Years ago a speaker from Manhattan Kansas described finding flowers in bloom there every month of the year, making the point that the climate there was quite variable. Naturally that set me watching in Lincoln, Nebraska, latitude 40  N, 125 miles nearly due north of Manhattan. I saw flowers in 11 months pretty quickly, but not January. But then we had a year when it was unusually warm for a week in January and I saw a dandelion flower. I admit the plant was on campus, between buildings where it was probably warmed by building exhaust, but flower it did. So other reasons for dandelion success include rapid growth and tolerance of a wide variety of temperatures.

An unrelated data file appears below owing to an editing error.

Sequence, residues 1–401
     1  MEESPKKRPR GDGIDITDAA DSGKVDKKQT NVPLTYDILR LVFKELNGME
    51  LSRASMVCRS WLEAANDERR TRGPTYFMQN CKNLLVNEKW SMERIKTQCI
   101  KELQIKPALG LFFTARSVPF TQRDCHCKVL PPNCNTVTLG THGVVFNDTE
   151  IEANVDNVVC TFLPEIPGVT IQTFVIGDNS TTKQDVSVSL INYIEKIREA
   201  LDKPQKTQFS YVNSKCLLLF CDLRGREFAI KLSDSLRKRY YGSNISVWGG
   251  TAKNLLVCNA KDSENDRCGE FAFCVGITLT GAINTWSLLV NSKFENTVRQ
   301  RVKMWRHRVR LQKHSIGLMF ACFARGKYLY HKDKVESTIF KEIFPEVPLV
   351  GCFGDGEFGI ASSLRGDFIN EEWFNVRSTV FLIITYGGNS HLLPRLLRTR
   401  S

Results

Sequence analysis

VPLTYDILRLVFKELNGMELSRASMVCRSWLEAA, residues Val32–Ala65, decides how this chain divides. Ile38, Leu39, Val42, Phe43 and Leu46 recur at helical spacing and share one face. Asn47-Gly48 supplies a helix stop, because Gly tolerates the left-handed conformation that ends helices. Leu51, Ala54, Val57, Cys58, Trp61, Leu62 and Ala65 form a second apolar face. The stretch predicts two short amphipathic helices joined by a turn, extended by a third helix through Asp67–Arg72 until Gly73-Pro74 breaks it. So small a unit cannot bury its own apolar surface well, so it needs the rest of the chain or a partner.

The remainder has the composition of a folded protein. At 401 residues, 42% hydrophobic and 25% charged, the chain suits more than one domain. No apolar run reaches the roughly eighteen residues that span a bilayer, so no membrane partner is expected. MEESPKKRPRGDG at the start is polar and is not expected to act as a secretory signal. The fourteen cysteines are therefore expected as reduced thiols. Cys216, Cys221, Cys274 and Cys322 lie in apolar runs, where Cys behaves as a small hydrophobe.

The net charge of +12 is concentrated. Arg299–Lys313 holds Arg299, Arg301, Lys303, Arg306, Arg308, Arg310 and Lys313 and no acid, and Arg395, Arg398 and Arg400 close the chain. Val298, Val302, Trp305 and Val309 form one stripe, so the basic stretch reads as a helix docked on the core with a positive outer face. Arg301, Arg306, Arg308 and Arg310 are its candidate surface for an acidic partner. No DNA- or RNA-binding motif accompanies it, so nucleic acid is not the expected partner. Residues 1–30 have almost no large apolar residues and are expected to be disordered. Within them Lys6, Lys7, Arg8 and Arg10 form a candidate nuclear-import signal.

Taraxacum officinale is not the only plant in the genus Taraxacum. 515 valid species names are recognized on the Plant List and species are still being discovered, high in the mountains of Italy, for example, or on the steppes of Asia. Native, non-weedy dandelions are found all over the world. There are two native to the Rocky Mountains of Colorado, Taraxacum eriophorum woolbearing dandelion and Taraxacum lyratum
harp dandelion.